Published in the October 5, 2018 edition
By MICHAEL P. NORTON
State House News Service
BOSTON — Fifteen metropolitan Boston area communities, including Melrose, are coalescing around plans to build even more new housing than Gov. Charlie Baker proposed in his statewide bill.
The Metro Mayors Coalition, at a press conference on Tuesday, announced its “landmark” regional housing production goal of 185,000 new units by 2030. Noting single family home prices are rising faster in Massachusetts than in any other state and rents in metropolitan Boston are the third highest in the country, Baker in December 2017 offered a bill calling for 135,000 new units by 2025. It failed to advance in either branch of the Legislature.
According to the coalition, its 15 cities and towns since 2010 have added nearly 110,000 residents and 148,000 new jobs, while permitting only 32,500 new housing units. The trends are driving up housing prices, making the area less affordable for workers and raising barriers to continued economic growth.
The median home sale price in Massachusetts this year through August is up 6.4 percent to $389,500, according to the Warren Group, and home sales are down by less than 1 percent. Year-to-date condo sales are up 2.6 percent while the median condo sale price has surged 10.1 percent this year to $375,000.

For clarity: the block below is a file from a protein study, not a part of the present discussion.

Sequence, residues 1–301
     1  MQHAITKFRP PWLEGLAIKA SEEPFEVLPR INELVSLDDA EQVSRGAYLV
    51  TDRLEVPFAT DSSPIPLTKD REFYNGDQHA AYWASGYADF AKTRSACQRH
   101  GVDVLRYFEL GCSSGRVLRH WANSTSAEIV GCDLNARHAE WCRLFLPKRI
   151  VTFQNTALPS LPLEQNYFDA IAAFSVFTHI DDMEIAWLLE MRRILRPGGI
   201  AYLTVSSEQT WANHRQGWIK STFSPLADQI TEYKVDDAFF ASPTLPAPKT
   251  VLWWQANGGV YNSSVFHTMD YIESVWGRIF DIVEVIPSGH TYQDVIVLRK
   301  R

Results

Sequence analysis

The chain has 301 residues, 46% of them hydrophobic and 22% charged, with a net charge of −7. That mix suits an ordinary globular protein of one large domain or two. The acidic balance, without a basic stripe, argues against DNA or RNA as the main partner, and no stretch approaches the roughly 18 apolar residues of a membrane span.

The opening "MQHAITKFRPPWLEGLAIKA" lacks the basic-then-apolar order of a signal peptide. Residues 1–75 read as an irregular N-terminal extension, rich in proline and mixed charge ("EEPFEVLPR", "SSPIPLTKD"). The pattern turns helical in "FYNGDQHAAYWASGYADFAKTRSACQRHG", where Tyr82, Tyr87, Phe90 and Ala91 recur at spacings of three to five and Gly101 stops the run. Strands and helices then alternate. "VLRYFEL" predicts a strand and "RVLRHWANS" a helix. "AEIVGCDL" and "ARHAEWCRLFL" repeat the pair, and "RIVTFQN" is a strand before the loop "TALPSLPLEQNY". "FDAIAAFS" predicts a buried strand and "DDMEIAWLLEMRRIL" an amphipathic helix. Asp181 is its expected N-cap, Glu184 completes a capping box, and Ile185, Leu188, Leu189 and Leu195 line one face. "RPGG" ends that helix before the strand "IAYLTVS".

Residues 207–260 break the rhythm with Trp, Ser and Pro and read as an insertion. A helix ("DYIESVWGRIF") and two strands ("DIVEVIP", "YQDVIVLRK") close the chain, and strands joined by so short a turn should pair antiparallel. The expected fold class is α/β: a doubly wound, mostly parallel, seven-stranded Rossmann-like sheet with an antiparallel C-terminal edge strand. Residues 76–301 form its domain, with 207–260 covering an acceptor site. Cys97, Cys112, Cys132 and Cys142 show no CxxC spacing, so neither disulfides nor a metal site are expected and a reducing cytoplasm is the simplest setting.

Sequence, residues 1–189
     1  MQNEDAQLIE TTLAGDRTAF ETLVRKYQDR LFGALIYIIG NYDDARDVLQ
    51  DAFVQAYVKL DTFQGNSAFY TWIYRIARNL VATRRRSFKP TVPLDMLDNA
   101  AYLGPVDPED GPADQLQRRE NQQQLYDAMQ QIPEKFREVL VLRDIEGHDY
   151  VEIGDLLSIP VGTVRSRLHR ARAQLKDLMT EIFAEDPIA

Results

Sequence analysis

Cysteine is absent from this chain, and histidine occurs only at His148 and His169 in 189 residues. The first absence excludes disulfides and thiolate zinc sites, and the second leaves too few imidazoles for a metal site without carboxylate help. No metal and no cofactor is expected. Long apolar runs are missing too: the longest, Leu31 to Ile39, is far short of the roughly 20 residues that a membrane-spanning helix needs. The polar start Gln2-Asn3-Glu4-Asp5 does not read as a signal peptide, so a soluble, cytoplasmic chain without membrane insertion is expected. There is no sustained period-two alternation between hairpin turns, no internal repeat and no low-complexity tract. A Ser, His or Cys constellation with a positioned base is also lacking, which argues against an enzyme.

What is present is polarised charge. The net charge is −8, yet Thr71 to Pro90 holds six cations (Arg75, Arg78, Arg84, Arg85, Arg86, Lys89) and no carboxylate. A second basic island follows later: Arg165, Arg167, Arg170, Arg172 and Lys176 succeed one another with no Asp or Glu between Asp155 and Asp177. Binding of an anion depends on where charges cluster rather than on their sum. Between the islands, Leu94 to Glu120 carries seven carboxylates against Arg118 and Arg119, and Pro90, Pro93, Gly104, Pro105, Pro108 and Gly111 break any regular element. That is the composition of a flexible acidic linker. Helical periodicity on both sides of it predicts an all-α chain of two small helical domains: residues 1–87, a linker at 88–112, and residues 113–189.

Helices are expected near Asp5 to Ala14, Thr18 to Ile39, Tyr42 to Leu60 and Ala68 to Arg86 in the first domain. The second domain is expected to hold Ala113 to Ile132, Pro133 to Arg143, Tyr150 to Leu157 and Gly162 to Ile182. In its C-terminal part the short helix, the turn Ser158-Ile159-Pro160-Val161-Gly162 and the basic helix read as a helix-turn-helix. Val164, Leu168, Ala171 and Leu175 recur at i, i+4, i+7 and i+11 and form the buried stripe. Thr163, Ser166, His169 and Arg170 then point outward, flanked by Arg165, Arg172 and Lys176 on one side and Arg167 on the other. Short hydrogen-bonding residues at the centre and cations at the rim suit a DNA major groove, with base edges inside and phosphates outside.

“Our region is in the midst of a housing emergency,” Somerville Mayor Joseph Curtatone said in a statement. “It is a crisis of housing affordability and availability that has deep and disastrous impacts on individuals and families. And it is not contained by municipal boundaries – it is a problem of such scale and scope that it demands cities, towns, and the state come together to develop bold regional solutions.”
The coalition includes Melrose, Arlington, Boston, Braintree, Brookline, Cambridge, Chelsea, Everett, Malden, Medford, Newton, Quincy, Revere, Somerville and Winthrop. Leaders from those communities, which the coalition says are on track to add 235,000 new jobs from 2015 to 2030, last year established a task force to address housing affordability and access problems.
Beacon Hill leaders this year failed to reach agreement on a housing production bill, despite widespread agreement about the depth of the growing problem, and the legislation died without debate on it in the House or Senate. Tensions remain over approaches to housing construction in suburbs and cities, and levels of municipal control over housing decisions.
The coalition mayors say they will be guided in production efforts by principles such as educating local officials about the problem, protecting affordable units and minimizing tear-downs, reducing evictions and eliminating unfair rental practices, and abolishing discrimination against tenants and buyers.
The Metropolitan Area Planning Council (MAPC) in Boston estimates that eastern Massachusetts will need 435,000 units of housing by 2040 to meet demand.
The 15-community coalition will base its progress toward the 2030 goal on new units created beginning in 2015, according to Marc Draisen, the planning council’s executive director. Draisen said passage of Baker’s housing legislation would probably help the communities reach its target, but it not essential to reaching the goal because the communities have agreed to pursue it.
“I don’t think legislation is required for us to hit this target,” Draisen said.